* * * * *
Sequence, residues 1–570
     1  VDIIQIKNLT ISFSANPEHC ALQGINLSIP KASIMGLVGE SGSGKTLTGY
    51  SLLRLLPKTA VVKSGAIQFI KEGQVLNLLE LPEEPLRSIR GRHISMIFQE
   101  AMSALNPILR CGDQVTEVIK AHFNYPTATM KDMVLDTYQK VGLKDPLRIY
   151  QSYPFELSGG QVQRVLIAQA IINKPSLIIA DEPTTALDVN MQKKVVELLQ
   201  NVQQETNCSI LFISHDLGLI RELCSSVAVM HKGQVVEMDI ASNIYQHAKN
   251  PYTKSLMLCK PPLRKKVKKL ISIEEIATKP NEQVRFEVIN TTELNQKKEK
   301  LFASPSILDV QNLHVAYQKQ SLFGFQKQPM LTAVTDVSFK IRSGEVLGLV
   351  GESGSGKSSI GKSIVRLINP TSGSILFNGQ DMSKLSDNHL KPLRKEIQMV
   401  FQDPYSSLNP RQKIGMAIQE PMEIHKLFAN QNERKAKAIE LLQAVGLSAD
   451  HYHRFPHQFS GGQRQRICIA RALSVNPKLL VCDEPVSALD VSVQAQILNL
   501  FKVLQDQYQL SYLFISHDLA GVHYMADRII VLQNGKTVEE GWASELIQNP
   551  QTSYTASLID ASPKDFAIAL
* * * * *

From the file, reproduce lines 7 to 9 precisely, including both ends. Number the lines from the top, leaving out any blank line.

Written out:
   251  PYTKSLMLCK PPLRKKVKKL ISIEEIATKP NEQVRFEVIN TTELNQKKEK
   301  LFASPSILDV QNLHVAYQKQ SLFGFQKQPM LTAVTDVSFK IRSGEVLGLV
   351  GESGSGKSSI GKSIVRLINP TSGSILFNGQ DMSKLSDNHL KPLRKEIQMV